Notably, the US and European Union pledged to work towards a framework for lowering trade barriers to their steel and aluminium production, to the detriment of less climate-friendly products entering their markets, largely from China. 

Progress on this front could include potential participation of Indo-Pacific parties such as Japan.

There was elsewhere evidence that the pressure which the US placed on ally Australia ahead of COP26 at least contributed to Canberra’s raised ambition.

Australian Prime Minister Scott Morrison explicitly cited the need to protect the US security alliance as a central motivator for eventually adopting a net zero by 2050 target.

This followed Australia, the US and the UK having formed the AUKUS security and military technology pact.

This climate-geopolitical nexus could also aid in the much-needed capital transfer from developed to developing countries, including the Indo-Pacific.

The European Union, indeed, has already signalled that increased financial assistance on renewable energy and green hydrogen development will be a key plank of its new Global Gateway response to China’s Belt and Road Initiative (BRI).

This followed China itself announcing it would no longer finance coal-fired power through the BRI, which means it too will likely seek increased green outreach.

Regional commitments from other countries and coalitions could advance these trends.

The Quad of India, Japan, Australia, and the US is likely the best-configured grouping for doing so and has already signalled its intentions in the climate cooperation space.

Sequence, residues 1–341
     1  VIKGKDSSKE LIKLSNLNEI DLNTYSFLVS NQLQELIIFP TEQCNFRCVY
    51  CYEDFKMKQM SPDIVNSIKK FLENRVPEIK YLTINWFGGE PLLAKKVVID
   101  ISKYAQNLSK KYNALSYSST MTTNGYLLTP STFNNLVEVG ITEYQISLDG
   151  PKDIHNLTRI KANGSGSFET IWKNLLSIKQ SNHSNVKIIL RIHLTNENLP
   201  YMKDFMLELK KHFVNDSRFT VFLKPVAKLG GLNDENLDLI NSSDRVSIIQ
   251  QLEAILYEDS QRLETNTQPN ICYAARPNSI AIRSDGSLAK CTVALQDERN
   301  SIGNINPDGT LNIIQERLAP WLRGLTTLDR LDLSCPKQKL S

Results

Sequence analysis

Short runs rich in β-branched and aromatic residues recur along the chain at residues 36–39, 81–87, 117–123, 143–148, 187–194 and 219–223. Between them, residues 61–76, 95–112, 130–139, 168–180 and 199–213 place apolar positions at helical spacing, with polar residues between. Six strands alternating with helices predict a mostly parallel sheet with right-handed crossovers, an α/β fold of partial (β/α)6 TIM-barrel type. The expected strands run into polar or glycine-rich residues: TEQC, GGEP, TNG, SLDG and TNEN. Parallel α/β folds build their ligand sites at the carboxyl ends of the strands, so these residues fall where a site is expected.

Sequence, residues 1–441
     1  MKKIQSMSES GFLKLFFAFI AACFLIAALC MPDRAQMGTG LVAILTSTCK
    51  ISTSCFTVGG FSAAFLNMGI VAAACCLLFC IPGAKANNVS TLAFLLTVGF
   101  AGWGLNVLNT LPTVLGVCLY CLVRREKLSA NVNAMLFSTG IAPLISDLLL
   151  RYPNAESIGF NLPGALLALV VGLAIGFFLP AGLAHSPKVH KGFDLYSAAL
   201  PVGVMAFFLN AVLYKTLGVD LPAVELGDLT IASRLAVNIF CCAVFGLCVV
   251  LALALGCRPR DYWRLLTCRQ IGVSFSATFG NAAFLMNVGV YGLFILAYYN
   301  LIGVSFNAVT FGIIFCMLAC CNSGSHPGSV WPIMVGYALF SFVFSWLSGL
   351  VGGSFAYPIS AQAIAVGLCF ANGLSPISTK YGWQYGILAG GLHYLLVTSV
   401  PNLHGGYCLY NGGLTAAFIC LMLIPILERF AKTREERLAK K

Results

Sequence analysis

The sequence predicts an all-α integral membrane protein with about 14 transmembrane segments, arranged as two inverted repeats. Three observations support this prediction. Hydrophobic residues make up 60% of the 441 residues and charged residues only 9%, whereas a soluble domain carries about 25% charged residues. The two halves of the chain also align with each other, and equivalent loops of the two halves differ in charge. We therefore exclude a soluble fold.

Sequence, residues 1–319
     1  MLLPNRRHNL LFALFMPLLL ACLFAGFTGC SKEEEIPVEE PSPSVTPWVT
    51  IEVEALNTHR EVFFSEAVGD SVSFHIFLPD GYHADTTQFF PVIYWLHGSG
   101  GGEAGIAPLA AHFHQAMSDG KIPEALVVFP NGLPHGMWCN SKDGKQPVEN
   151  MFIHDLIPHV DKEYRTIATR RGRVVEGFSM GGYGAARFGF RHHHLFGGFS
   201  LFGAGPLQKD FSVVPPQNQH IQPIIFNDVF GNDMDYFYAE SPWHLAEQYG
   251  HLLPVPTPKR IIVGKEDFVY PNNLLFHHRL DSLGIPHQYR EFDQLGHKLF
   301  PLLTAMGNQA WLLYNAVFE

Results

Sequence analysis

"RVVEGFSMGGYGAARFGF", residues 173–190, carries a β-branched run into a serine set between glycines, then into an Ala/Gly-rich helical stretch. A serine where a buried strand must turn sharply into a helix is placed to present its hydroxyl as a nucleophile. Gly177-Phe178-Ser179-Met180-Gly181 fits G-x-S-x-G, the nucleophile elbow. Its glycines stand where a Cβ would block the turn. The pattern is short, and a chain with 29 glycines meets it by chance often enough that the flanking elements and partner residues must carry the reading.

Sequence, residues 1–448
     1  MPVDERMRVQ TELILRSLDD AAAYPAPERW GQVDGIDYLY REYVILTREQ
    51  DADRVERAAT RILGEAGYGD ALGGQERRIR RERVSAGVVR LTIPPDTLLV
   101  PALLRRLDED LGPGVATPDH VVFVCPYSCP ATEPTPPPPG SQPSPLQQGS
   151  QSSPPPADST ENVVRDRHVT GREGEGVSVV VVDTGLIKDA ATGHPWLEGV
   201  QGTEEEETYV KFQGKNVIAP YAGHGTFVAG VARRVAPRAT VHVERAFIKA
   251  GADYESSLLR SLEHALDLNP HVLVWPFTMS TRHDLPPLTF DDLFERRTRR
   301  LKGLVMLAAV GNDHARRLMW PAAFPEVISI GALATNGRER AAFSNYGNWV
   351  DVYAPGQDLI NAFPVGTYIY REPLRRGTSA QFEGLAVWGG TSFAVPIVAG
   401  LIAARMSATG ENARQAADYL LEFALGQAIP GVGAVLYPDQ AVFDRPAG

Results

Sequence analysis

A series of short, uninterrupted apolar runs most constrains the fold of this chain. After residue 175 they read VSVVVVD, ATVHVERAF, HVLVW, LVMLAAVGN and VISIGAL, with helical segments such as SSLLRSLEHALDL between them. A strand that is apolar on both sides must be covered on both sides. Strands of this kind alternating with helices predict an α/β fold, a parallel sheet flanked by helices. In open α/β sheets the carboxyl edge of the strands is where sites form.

All four countries have already made or at least pledged significant commitments to meeting regional infrastructure and other developmental needs both in individual and collective capacities.

This has often followed making necessary changes to their institutional and philosophical approach to market intervention that would be key to responding to the climate challenge.

Future Stresses

International competition on responding to climate may not be the ideal solution. Yet it may have increasing appeal as a means of shaping other states’ responses in ways that have thus far alluded policymakers.

There are two important caveats to note in the context of this process.

The first is the US can’t be certain to continue playing an anchoring role for Indo-Pacific- mechanisms should it experience another rapid about-face to a climate-inactive administration.

The second is that there is a pronounced need to manage some of the risks of geopolitical competition interrupting or even severing the complex international value chains that have been critical to existing progress on the energy and climate transition.

It’s difficult to overlook, for example, the role that China has played in building out and bringing down costs of technologies such as solar photovoltaic panels and wind turbines, even if this was highly dependent on industrial practices that other countries oppose.

On the potential US change of government front, there is likely no answer other than for other countries to take on more responsibility for improved regional action, as they did during the Trump administration on issues including collective security.

On the uncoupling front, there will ideally be a selective policy process that seeks to best preserve beneficial economic interactions while simultaneously onshoring components of clean energy value chains, which would also enjoy significant domestic political appeal.